Tuesday, 26 August 2014

Run off my feet.

Last night I did my first night shift since early July and boy what a shift it was. Our night shifts are from 7pm to 7.30am so 12.5 hours of fun and games....

I arrived on the ward (which holds 28 patients) to find there were only four staff for the night, two nurses and two HCAs. At first I thought this must be a good sign - if only four staff were needed then the patients must generally be okay and it shouldn't be too busy. How wrong was I?! About 3/4 of my patients were all care patients, most of whom should not have even been on the gastroenterolgy ward. Five of my patients were scoring so highly on our early warning system (this scores observations, so normal obs would score 0, whereas anything abnormal can score from 1-3 depending on the severity) that they should have been on a high dependency unit!

The shift was so manic, I was doing hourly and two hourly neuro observations on 4 patients, on top of all the usual turns, four hourly obs and general caring...which means as soon as you've finished you hardly have time to do anything else before starting again! On shifts like that it honestly all comes down to your colleagues as to whether it's a nightmare or just busy. Thankfully, the other 3 members of staff were lovely and supportive so we all pitched in together and got the job done without too much stress :)

Shifts like this make me question the organisation of the wards in terms of staffing levels and the patients they accept onto the ward. If the ward sister saw what it had been like last night (which is apparantly how it has been for the last few weeks) I have no doubts that he/she would organise for another HCA to work as well, but unfortunately the ward sisters do not work nights and so will never understand the need for improved staffing levels. Frankly, I believe that it puts the patients in danger. If one of us is on break and two members of staff are with a patient then that leaves just one nurse or HCA in charge of 27 other patients. Even the most experienced nurse shouldn't be expected to do that.  But it isn't my position to say anything as I am only a temp...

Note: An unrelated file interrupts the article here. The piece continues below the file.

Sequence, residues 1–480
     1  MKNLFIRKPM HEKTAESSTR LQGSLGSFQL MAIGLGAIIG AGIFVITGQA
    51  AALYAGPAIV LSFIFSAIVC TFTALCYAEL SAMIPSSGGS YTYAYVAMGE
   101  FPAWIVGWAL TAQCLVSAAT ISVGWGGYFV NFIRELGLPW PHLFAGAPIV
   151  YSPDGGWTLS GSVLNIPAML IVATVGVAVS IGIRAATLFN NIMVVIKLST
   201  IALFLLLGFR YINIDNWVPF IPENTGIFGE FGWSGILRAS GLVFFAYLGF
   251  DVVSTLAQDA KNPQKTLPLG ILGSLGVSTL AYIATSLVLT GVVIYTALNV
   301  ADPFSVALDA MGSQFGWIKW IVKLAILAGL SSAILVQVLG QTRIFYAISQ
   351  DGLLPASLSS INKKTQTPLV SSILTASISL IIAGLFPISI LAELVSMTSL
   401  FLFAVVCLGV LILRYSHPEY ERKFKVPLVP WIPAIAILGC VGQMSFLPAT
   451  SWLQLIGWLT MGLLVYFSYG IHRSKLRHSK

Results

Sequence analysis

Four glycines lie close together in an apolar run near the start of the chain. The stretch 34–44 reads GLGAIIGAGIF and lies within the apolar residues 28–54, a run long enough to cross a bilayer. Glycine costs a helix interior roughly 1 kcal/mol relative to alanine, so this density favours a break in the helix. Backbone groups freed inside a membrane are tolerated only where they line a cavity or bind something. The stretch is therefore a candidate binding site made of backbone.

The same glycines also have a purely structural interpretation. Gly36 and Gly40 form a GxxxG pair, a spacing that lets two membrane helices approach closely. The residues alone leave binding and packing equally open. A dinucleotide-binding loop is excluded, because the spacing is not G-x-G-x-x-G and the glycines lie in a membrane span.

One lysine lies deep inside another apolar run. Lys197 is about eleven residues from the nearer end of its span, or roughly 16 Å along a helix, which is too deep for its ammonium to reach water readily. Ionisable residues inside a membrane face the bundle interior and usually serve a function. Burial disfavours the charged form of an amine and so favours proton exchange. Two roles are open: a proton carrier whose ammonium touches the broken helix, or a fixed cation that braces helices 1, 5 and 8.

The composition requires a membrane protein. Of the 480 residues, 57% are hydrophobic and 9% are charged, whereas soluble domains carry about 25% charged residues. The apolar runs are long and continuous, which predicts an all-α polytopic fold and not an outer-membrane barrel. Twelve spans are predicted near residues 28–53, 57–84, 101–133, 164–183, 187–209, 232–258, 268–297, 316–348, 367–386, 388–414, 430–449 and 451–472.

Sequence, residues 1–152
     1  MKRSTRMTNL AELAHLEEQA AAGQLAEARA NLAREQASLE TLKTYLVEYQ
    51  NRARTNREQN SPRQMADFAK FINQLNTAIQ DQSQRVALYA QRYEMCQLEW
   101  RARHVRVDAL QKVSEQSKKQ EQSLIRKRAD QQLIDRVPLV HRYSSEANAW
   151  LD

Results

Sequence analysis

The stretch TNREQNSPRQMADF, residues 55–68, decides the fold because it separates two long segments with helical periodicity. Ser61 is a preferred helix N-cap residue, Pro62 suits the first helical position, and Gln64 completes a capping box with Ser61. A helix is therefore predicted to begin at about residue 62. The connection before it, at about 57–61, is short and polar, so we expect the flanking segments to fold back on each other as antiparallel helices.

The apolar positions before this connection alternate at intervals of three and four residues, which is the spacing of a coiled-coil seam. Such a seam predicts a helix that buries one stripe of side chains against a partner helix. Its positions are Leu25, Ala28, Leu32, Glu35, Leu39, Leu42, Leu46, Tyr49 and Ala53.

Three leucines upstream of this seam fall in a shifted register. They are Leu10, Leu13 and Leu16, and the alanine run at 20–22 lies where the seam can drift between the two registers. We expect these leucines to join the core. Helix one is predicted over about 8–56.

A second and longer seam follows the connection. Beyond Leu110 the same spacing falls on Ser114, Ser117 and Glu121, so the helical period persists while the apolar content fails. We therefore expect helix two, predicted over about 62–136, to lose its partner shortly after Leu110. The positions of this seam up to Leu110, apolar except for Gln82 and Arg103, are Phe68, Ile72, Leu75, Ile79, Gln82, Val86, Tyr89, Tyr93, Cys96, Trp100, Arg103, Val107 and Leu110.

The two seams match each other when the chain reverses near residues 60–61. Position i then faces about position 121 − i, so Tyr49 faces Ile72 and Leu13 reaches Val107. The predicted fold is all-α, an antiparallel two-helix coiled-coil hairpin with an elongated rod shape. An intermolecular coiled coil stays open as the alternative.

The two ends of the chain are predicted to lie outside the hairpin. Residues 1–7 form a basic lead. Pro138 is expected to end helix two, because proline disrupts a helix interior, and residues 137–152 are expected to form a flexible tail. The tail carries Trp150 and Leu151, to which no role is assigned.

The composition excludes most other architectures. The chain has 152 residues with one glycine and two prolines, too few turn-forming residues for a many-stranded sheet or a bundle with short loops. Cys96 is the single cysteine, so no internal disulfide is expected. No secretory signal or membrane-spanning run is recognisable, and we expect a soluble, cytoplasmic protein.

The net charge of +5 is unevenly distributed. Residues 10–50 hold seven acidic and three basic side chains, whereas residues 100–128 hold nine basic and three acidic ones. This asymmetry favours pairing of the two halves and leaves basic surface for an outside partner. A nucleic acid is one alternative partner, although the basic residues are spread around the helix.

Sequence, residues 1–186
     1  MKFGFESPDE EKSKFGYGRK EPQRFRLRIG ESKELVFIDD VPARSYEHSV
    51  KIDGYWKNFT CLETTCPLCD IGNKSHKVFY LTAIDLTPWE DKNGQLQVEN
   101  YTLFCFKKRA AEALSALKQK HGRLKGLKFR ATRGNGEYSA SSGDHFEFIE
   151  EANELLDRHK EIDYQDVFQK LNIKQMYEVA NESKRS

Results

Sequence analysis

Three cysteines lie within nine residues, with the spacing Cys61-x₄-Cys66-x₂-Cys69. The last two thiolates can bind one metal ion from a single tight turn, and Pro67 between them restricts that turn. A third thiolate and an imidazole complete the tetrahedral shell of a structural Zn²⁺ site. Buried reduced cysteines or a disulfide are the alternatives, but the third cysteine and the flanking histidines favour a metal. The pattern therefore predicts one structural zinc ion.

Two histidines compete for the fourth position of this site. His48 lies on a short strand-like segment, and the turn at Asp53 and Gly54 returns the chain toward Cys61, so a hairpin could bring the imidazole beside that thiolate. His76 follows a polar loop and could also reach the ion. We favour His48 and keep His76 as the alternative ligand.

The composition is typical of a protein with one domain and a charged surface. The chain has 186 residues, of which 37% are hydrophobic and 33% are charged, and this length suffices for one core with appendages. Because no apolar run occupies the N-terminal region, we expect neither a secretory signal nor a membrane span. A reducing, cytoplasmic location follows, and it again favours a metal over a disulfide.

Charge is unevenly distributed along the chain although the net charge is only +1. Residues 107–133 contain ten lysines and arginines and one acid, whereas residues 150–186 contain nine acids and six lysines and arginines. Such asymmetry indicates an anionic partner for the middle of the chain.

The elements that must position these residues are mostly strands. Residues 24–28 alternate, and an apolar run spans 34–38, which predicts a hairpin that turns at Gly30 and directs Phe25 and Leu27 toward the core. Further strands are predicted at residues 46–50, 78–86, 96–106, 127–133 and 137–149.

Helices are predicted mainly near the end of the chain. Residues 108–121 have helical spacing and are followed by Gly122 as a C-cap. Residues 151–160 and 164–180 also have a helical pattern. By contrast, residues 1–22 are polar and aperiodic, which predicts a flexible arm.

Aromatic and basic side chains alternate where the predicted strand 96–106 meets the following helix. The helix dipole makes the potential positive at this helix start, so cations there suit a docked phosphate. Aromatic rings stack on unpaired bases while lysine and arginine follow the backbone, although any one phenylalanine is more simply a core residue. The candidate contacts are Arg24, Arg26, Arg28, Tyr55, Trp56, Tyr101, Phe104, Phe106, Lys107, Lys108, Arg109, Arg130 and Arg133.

On a brighter note, the F1 doctor who spent almost all night on the ward had just finished the course I'm about to start on! It was so lovely to speak to someone who has completed the course, loved it and is actually in the dream job!

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